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Ron Thompson – Still on the beat

I met Ron Thompson on my first gig ever in Syracuse when my good friend, Mic Brown (formerly of the Velkros where Ron was their drummer), corralled him and Mike Cappuccillii  (Back Alley Boys) on bass to round out the one-off gig. It was at the Palace Theater. I thought he was a great drummer! Just as cool, we hit it off, making friends, instantly. Over the next year, we managed to play another gig when I was in town visiting from my then home in San Diego. I had lunch with him at the NAMM show in Anaheim when he wandered west for the occasion.

Since that time, we’ve stayed in touch as I’ve moved back into this area. And, as I mingle with the Syracuse music scene, getting to know the musicians, music lovers and promoters, I note how much his name comes up, so often, and always in good light. Ron is obviously well-respected as a drummer’s drummer. Just as much he’s respected in general as a damn good dude. A great example of himself.

You might remember him with the aforementioned Velkros, or perhaps the Back Alley Boys – both groups,of which, enjoyed a pretty healthy success right here in the Central New York area… The Velkros, not surprisingly, being hooked into opening for Van Halen on a tour leg or two.

And by now, Ron has crept into the aspects of producing and promoting live music featuring Central New York talent with his self-produced Final Friday series t Theater Mack in Auburn. As the name gives there is music on the last Friday of any month in this cabaret style seating room complete with raised concert style stage with all the fixings. The site also features a historic significance adding to the cool factor of the performance environment.

We caught up, recently,  as we do. And I basically threw this interview at him.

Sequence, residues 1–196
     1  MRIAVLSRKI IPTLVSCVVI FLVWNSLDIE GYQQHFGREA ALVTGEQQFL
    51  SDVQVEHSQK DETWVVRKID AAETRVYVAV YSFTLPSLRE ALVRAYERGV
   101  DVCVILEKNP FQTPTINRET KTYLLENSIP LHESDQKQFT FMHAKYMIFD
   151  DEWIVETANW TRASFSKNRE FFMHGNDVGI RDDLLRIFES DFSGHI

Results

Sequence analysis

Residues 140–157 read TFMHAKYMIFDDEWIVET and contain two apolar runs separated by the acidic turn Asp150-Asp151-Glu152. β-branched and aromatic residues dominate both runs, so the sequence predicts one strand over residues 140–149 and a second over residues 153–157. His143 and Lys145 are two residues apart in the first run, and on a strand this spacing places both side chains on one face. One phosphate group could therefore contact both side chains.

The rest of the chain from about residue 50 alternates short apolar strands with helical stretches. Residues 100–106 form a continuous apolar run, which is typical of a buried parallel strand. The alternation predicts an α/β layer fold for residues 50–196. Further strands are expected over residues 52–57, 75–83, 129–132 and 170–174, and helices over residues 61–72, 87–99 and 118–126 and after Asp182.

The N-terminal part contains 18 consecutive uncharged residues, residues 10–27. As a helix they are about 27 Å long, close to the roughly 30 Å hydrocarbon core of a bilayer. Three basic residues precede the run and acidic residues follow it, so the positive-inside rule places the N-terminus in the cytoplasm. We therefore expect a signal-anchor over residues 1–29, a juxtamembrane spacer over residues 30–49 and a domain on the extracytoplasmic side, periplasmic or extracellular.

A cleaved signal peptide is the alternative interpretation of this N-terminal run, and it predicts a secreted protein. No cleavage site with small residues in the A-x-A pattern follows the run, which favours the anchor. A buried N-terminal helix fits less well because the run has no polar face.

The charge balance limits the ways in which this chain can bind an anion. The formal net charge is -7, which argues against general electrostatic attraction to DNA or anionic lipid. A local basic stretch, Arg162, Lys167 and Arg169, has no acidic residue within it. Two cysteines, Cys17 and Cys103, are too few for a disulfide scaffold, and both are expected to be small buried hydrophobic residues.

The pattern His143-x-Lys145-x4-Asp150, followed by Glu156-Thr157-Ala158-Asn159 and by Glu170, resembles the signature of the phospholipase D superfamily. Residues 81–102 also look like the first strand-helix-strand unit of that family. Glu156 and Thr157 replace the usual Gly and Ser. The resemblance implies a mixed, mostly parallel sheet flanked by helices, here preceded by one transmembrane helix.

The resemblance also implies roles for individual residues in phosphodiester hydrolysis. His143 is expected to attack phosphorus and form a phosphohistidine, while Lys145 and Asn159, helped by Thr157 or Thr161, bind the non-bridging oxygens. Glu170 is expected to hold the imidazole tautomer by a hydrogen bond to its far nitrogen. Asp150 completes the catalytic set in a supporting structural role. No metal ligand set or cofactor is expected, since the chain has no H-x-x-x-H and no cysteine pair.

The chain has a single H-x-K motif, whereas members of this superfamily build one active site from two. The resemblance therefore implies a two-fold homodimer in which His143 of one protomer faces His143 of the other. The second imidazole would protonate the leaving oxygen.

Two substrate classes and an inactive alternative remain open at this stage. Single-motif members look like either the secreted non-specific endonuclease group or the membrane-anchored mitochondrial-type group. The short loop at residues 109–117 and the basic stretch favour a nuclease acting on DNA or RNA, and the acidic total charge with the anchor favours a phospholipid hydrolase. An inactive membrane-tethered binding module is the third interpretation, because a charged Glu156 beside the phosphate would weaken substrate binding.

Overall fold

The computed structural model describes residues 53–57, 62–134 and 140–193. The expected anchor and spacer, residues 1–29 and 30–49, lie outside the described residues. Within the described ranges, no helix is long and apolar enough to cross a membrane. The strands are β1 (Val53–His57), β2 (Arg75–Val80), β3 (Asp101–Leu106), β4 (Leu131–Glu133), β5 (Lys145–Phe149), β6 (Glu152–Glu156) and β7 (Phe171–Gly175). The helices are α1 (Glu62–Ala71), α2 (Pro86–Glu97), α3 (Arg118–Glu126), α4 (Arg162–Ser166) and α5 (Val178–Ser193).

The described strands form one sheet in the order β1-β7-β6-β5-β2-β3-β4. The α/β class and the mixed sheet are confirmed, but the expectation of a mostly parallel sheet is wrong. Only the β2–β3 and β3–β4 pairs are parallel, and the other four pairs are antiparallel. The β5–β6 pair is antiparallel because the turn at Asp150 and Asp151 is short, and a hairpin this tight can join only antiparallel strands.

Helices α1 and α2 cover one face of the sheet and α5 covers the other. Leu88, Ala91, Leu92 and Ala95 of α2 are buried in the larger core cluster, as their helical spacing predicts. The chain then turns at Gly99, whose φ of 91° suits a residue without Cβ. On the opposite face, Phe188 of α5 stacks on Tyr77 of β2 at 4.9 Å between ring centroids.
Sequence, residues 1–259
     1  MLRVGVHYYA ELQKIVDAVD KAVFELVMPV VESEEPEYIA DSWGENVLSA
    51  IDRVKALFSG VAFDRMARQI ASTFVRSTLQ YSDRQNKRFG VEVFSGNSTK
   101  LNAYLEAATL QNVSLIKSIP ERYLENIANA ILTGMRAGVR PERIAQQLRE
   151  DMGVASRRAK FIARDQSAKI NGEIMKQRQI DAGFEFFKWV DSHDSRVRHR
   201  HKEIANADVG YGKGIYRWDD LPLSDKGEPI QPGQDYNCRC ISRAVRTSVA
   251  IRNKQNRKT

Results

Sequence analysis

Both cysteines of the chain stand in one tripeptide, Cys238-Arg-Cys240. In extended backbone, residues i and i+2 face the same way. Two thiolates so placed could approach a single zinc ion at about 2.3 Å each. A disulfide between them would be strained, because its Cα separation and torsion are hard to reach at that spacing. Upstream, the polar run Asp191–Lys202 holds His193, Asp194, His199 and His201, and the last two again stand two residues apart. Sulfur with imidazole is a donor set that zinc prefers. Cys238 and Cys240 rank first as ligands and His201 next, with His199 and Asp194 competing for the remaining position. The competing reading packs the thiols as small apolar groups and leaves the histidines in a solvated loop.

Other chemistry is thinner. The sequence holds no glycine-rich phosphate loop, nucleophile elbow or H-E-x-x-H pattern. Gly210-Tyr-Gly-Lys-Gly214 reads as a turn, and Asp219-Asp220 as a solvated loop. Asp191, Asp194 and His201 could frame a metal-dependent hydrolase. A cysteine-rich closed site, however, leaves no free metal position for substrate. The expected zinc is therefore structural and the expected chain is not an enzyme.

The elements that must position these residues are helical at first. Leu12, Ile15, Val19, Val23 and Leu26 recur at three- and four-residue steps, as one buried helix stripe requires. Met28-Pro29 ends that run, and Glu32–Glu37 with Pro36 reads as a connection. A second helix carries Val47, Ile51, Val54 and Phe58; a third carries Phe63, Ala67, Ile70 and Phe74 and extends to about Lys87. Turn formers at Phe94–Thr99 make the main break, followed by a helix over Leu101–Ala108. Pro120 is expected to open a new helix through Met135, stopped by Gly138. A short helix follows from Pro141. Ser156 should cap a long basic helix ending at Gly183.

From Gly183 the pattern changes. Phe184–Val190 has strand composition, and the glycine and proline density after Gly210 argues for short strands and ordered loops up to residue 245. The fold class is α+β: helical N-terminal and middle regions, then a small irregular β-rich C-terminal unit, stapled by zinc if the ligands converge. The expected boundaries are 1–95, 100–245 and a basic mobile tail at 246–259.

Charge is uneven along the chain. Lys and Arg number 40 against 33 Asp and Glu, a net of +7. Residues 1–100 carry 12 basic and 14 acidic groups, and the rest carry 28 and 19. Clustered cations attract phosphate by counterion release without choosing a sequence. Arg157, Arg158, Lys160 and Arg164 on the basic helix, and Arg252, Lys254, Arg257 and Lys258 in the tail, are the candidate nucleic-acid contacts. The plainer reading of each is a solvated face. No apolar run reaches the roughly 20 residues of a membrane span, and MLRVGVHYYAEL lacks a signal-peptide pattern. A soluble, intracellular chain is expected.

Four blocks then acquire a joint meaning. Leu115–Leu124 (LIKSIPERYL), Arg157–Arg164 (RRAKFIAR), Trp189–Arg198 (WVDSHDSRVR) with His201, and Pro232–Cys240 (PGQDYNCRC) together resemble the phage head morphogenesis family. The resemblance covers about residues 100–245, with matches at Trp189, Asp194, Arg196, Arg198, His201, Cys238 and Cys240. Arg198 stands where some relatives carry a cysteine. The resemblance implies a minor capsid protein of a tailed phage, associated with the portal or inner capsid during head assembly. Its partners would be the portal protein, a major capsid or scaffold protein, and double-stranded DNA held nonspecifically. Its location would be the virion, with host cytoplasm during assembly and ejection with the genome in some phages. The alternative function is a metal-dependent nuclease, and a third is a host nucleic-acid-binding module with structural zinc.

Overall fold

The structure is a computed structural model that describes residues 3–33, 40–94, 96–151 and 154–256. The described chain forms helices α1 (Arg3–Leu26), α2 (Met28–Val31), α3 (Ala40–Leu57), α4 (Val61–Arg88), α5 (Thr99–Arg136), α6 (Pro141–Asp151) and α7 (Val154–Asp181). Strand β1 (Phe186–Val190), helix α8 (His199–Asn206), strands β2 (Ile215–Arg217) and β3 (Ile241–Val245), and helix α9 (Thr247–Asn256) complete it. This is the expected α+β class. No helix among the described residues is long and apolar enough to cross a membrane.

CS: What’s goin’ on , man?april2015-sounds-old

RT: Hey Chuck, how’s it going?

CS: Good.

RT: Good.

CS: Hey, can I throw you under the bus for an interview for my column?

RT: Hahaha. Yeah, sure.

CS: Ok, here we go.

RT: hahaha…

CS: When did you get started in music? What made you become interested?

RT:I was always intrigued by the drums. I joined the school band in 6th grade and then got the usual drum set for Christmas the next year. I became totally in love with music when I saw The Beatles on Ed Sullivan (I had to have a set of Ludwigs)

CS: What inspires you to play?

RT: The interaction with other musicians.

CS: You have an impressive collection of gear, especially drums. Tell me about it.

RT: I guess just feel in love with drums and like to have a good selection to choose from. There is always a snare drum I just could not part with and Ludwigs were always my fave. So, I had to have a Ringo kit. Then, I was tempted to trade it, Then, I realized I had to keep it. And so it goes till I wound up with 30 snares of various favors, and 7 drum sets. I do trade out some and add others. It’s always in flux and I enjoy working on them and rebuilding them

CS: You’ve enjoyed a healthy music career, here, in Syracuse along with a healthy profile and reputation. How’s the ride so far?